“One must dare to be happy.” – Gertrude Stein
I’ve just had the most idyllic weekend. My friend Anny generously hosted a group of volunteers in our region at her retreatlike villa out in the bled, or countryside. Thanks to the peacefully pastoral setting and Anny’s superb homemaking/chef skills, it felt as if we’d gathered for a family reunion at some high-priced, all-inclusive B&B – and the cost of admission was a bag of produce and some cheese.
The setup of her home would be right at home in upscale Santa Fe: A series of rooms face onto a small courtyard with high, whitewashed walls and a pomegranate tree surrounded by herbs in various buckets and soda bottles, a rustic table and chairs in one corner, a bamboo mat under the verdigred iron window frame. Her main room is a shrine to individuality, all kitschy fabrics, photos of beloved faces and places, inspirational poetry and Obamabilia.
One of several remote villages, Anny’s site is a bumpily slow 45-minute drive from the nearest town over rutted, gravelly trails, in a taxi given to bottoming out under the stress of (at least) six passengers. The only sounds here are birdsong, the occasional braying of a donkey, a herd of sheep rumbling past. Her neighbors are quietly friendly and accepting – none of the harsh stares and snickers we often encounter in the city.
The weekend’s menu could have been pulled from any gourmet cookbook: Gazpacho with baguettes, Brie and various chutneys; an onion tart with zucchini soup; nothing from a jar or a can or a box. We ate pasta with homemade marinara under the stars, scones and fresh orange juice in dappled morning sunlight.
We took long walks on the trails meandering around her duoar, admiring wheat fields as tall as me, wildflowers resembling poppies, daisies and morning glories, the ruins of a long-ago village. A group of women riding in the bed of a pickup, heading home after working in the groves, tossed us fresh, juicy oranges like candies from a parade float.
Back at the villa, we ate more good food, traded books, movies and music, watched “Airplane!”, had a dance party, suffered late-night fits of giggles, solved the world’s problems and generally enjoyed each others’ company.
We also visited the association of rug weavers Anny works with. After two years of labor, the dozen or so women have paid off their startup costs and received their first envelopes of cash for the long hours spent hunched over their looms. Much more than a way to bring extra money into the household, the association gives women something creative to do with their time, and a social setting they wouldn’t otherwise enjoy.
I put in an order for a rug of my own, deep red with an Egyptian-inspired border and the word “Peace” in Arabic script at the center; it’ll look something like this:
Working with what I have.
In case you couldn’t tell, I’m battling a fair amount of jealousy over Anny’s site. This is the Peace Corps I’d imagined myself in, plopped down in a remote, rural village with no amenities save time and quiet. I’d perfect my yoga, start to meditate, learn to cook from the village women, and finally write that book … all while saving the world.
In reality, I live on a busy highway, above a variety of shops with crowds of people passing all day long. Besides the street noise, there’s the drill of the dentist across the hall whirring all day long, and the din of neighboring families and televisions amplified by poor acoustics. To enjoy the “great outdoors,” I have to trek out of town, past the grins and fingers pointing at my strange foreign getups for cycling or run/walking; even then, I am surrounded by exhaust, by insistent horns and rumbling motors. No backyard where I can relax with my lunch and a book, surrounded by fresh air and plant life.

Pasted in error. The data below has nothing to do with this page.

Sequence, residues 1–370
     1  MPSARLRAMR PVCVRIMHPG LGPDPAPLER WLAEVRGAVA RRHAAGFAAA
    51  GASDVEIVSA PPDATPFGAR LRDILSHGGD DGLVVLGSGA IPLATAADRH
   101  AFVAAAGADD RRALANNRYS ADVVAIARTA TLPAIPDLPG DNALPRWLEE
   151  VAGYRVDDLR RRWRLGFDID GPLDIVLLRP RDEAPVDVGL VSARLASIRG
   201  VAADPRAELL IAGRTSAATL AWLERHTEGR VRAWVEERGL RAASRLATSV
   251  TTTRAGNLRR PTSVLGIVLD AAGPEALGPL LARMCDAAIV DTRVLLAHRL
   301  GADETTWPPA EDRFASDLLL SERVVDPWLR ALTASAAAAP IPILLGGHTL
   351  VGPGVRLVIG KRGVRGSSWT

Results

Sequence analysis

I often long for peace, stillness.
But I also realize the grass is always greener (or, in our case, the desert always more deserted?), and I am given to gazing romantically over the fence. Important to remember all I have to be grateful for. If I run out of anything – tomatoes, dry goods, toilet paper, cheese – it’s at best a block away, rather than two hours round-trip once I happen to find a car going that way. I don’t have to plan and shop for two weeks’ worth of meals at a time. I never have to wonder how long the water or electricity’s going to hold out. If anything breaks, someone who can fix it is close to hand. My “office” is a five-minute walk away, rather than a half-hour by bicycle. I’m blissfully located between two cities with any modern amenity or diversion I might desire.
This is where I am. Generally I am content, interspersed with moments of dread and panic that are more than offset by the moments of wonder and laughter.
Song of the day: “I Do Not Want What I Have Not Got,” Bettye Lavette channeling Sinead O’Connor
Currently reading: “Sex Lives of Cannibals: Adrift in the Equatorial Pacific,” J. Maarten Troost; “Summer Camp Teacher Curriculum,
Currently mourning: The loss of my upper ear piercing … the fastener went down the shower drain and I couldn’t keep the hoop in without it, so I guess I am no longer cool or Down With That.
Currently listening to: All kinds of awesome music from Shawn and Ann. Coltrane! Monk! Thom Yorke! Stars! Amos Lee! Bonnie Prince Charley. Been soooo long since I had new music … thanks, y’all.
Currently NOT listening to: Any news or podcasts. I’ve messed up the shaky infrastructure that was holding my Internet connection together, so I’m back to visiting the cybers for the time being. If anyone’s familiar with Parallels for Mac and can tell me how to force it to Install Parallels Tools, I’d be most grateful! Failing that, I’m thinking it might be time for a shortwave radio …